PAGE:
Here we are for Cole’s version of this day, and here’s a spoiler: It’s not so great. Our little pal is looking rough as he drives a taxi. I had an argument with a friend about what happens next: Cole’s next customer is Bruce Butler, who is feeling very condescending and chatty. (My friend thought this was too coincidental, but I think in small, seasonal towns such as this these encounters happen often.)

Bruce assumes Cole is some newbie off the bus from Nebraska or something and Cole doesn’t correct him — especially when Bruce starts talking about his deadbeat son-in-law leaving his daughter. Turns out, that lady we heard Bruce talk about in season 1 is back in the picture. In fact, it sounds like he’s about to leave Margaret for her. Man. The Butler hits keep coming.

At the Butler house, Bruce surprises me by shaking Cole’s hand. Cole is all, whatever, and then backs out of the driveway almost running down a little kid. This kid has an awfully hot babysitter that he notices though. Interesting.

At the taxi dispatch, one of the Lockhart boys is quietly reading a book about a robot and notices how brother Cole looks half dead on his feet. Cole shouldn’t be driving because he’s been at it for more than 24 hours and it’s not safe. Cole doesn’t seem to care. His mood worsens when he runs into Scott outside.

Scott tries to guilt him into talking to Cherry — apparently she’s living rough since losing the ranch. Cole is unmoved. Scott, pressing his luck further, brings up the sale of Alison’s house and how Cole is entitled to half. Cole tells him quietly if he doesn’t move in three seconds, he’ll run him down.

Oh well. You’ll be dead soon anyway, Scott.

Cole heads to his former house. He seems to have a much bigger belly in his own memory than in anyone else’s which is interesting. Do we always see the least flattering versions of ourselves? He sees a shadow pass the window and, poor dude, you can see he thinks it might be Alison. But no, it’s Jane. Hi, Jane! He intimidates Jane into admitting she’s just trying to get Alison her things. He sticks his big gut out at her and tells her to get lost and that he’ll do it.

NEXT: When Cole met Alison (again)[pagebreak]​

He heads to his trailer of solitude and broods on it a bit before getting back to his taxi. We see all sorts of drunk Hamptonites stumbling about. A clearly drunk lady gets in his cab and asks to be taken to East Hampton. It’s very dark out but not so dark that she can’t see the hotness of Cole in the front seat. “I like your way: You are very masculine.” Duh. She tells him that she’s a private landscape artist — how she manages to make that sound dirty I don’t know — and hits on him till she gets sick and barfs on the side of the road.

With her gone, Cole is driving around and nodding off a bit. He pulls over and does a little bit of coke (did we know that Cole does this now?) and starts driving toward Cold Springs. He stops at the diner we saw Alison at earlier and he even sees Noah on his way to the train station. He mock shoots him through the window. Oh boy.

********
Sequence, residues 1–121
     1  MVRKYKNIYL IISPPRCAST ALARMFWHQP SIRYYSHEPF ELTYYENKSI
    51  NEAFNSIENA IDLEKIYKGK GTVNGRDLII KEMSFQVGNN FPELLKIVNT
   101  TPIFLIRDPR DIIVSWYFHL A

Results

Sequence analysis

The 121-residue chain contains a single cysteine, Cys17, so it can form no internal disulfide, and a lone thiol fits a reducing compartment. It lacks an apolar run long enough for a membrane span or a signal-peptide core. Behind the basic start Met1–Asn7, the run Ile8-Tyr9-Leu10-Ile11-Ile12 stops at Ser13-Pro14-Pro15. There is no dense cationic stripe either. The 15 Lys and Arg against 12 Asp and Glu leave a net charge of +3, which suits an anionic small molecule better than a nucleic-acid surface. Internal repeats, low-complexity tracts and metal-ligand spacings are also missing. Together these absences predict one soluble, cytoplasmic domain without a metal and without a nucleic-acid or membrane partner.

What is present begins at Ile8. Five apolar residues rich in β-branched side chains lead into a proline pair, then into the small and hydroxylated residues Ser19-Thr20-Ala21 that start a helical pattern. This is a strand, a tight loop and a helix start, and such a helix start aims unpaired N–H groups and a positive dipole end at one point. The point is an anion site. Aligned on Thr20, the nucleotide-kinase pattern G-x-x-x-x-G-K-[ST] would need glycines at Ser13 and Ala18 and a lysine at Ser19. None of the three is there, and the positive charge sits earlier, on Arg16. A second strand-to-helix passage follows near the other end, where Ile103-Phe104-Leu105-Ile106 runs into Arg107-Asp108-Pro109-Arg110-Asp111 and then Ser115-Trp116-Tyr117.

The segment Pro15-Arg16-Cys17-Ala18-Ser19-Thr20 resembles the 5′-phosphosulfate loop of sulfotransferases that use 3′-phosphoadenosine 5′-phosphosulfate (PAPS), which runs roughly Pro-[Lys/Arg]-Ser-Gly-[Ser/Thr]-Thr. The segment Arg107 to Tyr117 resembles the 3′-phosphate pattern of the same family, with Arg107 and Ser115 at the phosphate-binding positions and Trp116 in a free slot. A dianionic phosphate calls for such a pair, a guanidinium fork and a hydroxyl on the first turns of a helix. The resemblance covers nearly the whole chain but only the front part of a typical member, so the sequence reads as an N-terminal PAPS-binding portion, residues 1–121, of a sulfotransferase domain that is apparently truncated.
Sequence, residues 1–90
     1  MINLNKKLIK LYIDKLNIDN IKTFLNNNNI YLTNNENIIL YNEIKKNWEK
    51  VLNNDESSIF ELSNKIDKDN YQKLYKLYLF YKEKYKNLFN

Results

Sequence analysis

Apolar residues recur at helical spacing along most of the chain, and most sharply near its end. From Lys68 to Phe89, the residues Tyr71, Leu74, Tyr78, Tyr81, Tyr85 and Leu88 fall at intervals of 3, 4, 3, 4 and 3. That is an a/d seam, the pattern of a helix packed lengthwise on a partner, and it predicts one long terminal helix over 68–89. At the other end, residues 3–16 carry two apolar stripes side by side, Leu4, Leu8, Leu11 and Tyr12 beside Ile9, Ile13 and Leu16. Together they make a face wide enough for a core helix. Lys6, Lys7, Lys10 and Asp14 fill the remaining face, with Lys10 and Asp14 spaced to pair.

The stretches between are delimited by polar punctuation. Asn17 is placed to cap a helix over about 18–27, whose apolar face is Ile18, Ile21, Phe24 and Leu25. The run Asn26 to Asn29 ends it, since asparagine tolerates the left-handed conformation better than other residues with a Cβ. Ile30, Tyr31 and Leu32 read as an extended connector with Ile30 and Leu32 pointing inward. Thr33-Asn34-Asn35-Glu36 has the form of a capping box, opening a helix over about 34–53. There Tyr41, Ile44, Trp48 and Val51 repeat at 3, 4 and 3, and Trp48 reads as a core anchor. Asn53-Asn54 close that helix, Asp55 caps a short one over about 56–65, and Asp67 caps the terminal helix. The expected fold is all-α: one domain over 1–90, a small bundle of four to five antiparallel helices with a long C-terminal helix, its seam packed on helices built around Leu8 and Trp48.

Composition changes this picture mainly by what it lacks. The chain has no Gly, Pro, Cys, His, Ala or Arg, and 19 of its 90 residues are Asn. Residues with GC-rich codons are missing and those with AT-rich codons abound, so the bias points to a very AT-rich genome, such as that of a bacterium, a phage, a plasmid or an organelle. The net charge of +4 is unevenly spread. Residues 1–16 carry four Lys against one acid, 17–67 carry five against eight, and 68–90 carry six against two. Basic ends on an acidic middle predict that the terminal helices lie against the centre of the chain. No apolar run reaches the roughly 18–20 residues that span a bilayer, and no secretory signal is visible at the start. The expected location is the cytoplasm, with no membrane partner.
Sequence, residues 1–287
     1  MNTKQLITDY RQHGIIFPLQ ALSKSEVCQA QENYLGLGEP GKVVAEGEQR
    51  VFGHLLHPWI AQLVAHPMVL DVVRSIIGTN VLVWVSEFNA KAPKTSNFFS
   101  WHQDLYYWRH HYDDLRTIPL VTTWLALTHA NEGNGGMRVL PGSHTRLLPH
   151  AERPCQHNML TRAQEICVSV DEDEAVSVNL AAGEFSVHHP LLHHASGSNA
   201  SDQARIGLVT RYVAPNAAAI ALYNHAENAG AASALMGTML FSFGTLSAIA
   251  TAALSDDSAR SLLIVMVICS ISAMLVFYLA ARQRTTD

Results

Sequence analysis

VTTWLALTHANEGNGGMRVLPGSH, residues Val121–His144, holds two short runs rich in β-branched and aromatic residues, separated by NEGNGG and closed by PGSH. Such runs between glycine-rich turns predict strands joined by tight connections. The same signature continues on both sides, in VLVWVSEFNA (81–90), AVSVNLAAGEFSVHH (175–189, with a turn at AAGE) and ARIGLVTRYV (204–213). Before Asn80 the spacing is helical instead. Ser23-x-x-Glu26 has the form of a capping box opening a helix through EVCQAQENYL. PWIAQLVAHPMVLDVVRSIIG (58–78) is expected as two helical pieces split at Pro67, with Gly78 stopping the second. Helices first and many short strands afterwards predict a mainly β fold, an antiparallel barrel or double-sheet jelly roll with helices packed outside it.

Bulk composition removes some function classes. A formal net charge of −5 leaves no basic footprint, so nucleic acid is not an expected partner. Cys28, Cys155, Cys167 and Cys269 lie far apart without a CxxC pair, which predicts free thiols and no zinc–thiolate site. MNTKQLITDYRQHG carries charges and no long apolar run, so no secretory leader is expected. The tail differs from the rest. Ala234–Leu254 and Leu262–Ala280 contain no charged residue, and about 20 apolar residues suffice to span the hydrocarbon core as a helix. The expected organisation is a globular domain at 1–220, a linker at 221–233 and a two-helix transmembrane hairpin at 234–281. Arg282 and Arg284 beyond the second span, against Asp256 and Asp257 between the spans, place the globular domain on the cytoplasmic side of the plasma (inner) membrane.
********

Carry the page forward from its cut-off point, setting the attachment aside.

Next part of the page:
Cole goes to the house and wanders around it. Whoever did the set decorating did a really nice job — for example there’s a random hat wall and that is just the kind of thing rich people seem to always have in their homes. Alison walks in and she looks quite different in Cole’s memory: She’s dressed like a rich person, her hair has that sort of expensive sheen, and she’s wearing a beige yet pricey-looking sweater. Their talk is a lot different in this Cole reality, too. They are much friendlier and sweeter.

In fact, these scenes sort of did me in. There’s a poignancy to their talk in the details of their chitchat. Between asking after Cherry and learning Mary-Kate is pregnant and Alison’s nervous smiles and Cole’s sweet and dead inside face, it’s pretty emotionally affecting.

She offers to make him eggs because she can tell that he’s still hungry and how strange it is — to be so close to someone and yet be so estranged. She reminds him of some long run they took before she was pregnant and how they sat by the fire and how it was a really great day. He agrees. Man, relationships.

He brings her the clothes (in this memory, no Gabriel box) and says he needs to ask her something. “Are you ever coming home?” Oh, Cole. She says no, a bit sadly, and then his face sort of collapses into itself. He tells her it’s okay and that he just needed to hear it.

He walks up the steps to leave and suddenly Alison is behind him and grabs him in a giant hug. It’s the hug between people with a lot of love and sadness and who know how to really hug each other. She asks him to stay in touch. He’s clearly devastated and his hand is all up in her hair, but he says of course he will. Maybe I cried when I saw this, maybe I didn’t.

We next see him asleep in his car. Maybe this means he’s gotten some closure and can move on? Let’s hope so.

The next thing you know we’re in the scary cold future. A very spiffy and cleaned-up Cole enters the courthouse where Alison is dealing with a little (and very cute) baby. Cole is — no surprise here — ridiculously cute with babies, even after he learns this one is Alison and Noah’s. The baby, who like everyone else cannot resist Cole, is named Joanie, which is is one of the hardest things I’ve had to wrap my head around on this show.

They enter the courtroom in time to hear the charges against Noah — who is looking terrified — and to see him taken away in handcuffs. Cole watches this with an expression I can’t quite understand… is it happiness? Something else? Till next week.